EU-funded project involving Peugeot, Citroen, Renault and Nissan has produced a new system to alert pedestrians to the presence of electric vehicles
Darren Moss
21 August 2015

A new EU-funded system designed to make electric vehicles emit low-level noise could significantly increase pedestrian safety, it has been claimed.

Dubbed eVADER - which stands for Electric Vehicle Alert for Detection and Emergency Response - the system has been produced in a collaboration which involved car makers PSA Peugeot Citroen, Renault and Nissan.

The eVADER system, which could shortly feature on production cars, comprises a camera built into the windscreen which can recognise pedestrians, cyclists and other vehicles. Six speakers fitted to the car then emit a low-level sound to warn of the EV’s presence. The sound is around five decibels lower than the sound of a conventional engine.

Several sounds were used in trials, but sirens were quickly ruled out, says Nissan, because they were “found to be irritating, loud and, in some cases, emotionally distressing to other road users.”

The development of the system is partly in response to research conducted by the National Highway Traffic Safety Administration in the US, which found that electric vehicles were twice as likely to have an accident involving a pedestrian at low speeds, compared to a conventionally powered car.

The eVADER system is the result of a three-year study which began in 2011. A prototype version of the system was first shown to the public on a Nissan Leaf in December last year.

Manufacturers of electric vehicles will have to fit the eVADER system - or a similar alternative - to their products before 2019, when Europe-wide legislation comes into action, forcing electric vehicles to emit some sort of noise to warn pedestrians. In 2014, the European Parliament voted in favour of introducing the legislation. 

Such laws already exist in the US, where all EVs must emit a noise at speeds below 18mph.

Nissan’s eVADER project leader David Quinn said: “Our objective has been to find an optimum balance between ensuring the cars are detectable, whilst retaining the reduction in noise pollution, which is one of the great benefits that our EVs offer.”

The next outing for the system could come as soon as next month, as Peugeot has announced it will present a new “dynamic and authentic” concept car at the show. As one of the lead partners in the project, it’s conceivable that the firm’s concept car could preview how the eVADER system could be incorporated onto a production car.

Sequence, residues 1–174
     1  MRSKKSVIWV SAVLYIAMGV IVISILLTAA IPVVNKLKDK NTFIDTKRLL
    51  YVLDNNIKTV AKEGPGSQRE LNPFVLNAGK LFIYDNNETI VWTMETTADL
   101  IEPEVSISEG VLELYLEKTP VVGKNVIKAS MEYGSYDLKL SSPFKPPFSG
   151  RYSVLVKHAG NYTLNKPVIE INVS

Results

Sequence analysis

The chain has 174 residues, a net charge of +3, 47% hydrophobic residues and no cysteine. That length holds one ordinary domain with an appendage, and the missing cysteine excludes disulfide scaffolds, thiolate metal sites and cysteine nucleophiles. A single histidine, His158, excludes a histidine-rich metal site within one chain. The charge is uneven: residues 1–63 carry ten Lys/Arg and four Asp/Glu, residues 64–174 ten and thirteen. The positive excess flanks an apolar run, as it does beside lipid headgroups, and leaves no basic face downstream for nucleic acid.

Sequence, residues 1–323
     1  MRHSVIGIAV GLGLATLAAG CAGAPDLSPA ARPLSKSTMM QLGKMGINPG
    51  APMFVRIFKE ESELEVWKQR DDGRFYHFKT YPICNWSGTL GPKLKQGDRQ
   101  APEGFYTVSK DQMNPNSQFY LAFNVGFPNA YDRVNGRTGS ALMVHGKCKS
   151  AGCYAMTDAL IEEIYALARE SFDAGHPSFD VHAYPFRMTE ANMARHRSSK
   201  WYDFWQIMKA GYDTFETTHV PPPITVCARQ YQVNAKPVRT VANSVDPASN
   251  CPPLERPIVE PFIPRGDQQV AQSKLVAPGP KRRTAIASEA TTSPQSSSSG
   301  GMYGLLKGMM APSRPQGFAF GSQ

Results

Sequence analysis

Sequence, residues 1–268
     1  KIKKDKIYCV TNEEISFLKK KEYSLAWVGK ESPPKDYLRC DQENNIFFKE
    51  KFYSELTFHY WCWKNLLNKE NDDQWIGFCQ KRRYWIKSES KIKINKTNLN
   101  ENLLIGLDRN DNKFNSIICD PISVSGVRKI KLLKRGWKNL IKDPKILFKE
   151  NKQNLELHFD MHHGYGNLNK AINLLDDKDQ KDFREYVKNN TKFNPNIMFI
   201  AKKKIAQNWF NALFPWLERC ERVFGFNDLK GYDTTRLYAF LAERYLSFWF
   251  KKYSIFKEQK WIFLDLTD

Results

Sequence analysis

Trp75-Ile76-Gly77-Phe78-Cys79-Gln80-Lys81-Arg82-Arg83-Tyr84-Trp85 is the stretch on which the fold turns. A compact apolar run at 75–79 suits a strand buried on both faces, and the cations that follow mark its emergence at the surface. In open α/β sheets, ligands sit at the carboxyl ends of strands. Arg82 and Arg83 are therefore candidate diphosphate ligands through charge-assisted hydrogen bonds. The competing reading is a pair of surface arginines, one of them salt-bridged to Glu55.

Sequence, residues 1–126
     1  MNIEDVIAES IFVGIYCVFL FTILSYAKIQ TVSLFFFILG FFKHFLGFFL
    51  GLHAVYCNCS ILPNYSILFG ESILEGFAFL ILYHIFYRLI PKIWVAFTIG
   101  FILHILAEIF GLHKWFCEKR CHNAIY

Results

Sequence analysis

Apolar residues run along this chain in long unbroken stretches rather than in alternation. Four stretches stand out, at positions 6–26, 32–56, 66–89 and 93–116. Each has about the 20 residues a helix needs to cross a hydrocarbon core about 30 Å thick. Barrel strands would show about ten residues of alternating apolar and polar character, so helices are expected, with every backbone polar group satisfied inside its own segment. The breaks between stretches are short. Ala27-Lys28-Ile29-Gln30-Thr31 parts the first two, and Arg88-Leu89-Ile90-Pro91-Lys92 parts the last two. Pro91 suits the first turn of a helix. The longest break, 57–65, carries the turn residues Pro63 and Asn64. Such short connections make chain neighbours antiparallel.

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Comments
4

21 August 2015
Why let some faceless European bureaucrat decide. We need an in-car app that can be downloaded and changed at a whim by the owner (whilst driving and not looking where they are going of course). The best ones will be available at a price of course, enabling owners to yet further personalise their vehicles in new and exciting ways. I quite fancy the idea of a US train horn or perhaps a few bars of Bad to the bone in a "Christine" style.

21 August 2015
I wonder how much this cost us. I had clackers on my bike wheels as a kid, worked a treat. Perhaps you could put a hole/tube in the wing mirror, air blowing over it would create the blown milk bottle hummmm. I guess the EU version will have two computers four servos and made from carbon fiber.

22 August 2015
Of course it would be a more sensible idea, as well as cheaper, to simply suggest to pedestrians that they take care of their own safety and look where they are going....

I don't need to put my name here, it's on the left

 

22 August 2015
It is not clear to me how the device will deal with the "unseen" pedestrian, about to emerge from behind a parked van. My preference would be to have something akin to a "hissing" sound, much as some cars emit already, from the general churning of auxiliary drive belts etc, one that is already associated with vehicles. That sci-fi sampler in the article might make me cancel my order for an electric car! A bicycle makes little noise, often a cause for cyclists to "swear" as casual pedestrians step out in front of them without looking. Presumably the U.S. Stats have no info on accident rates for them?

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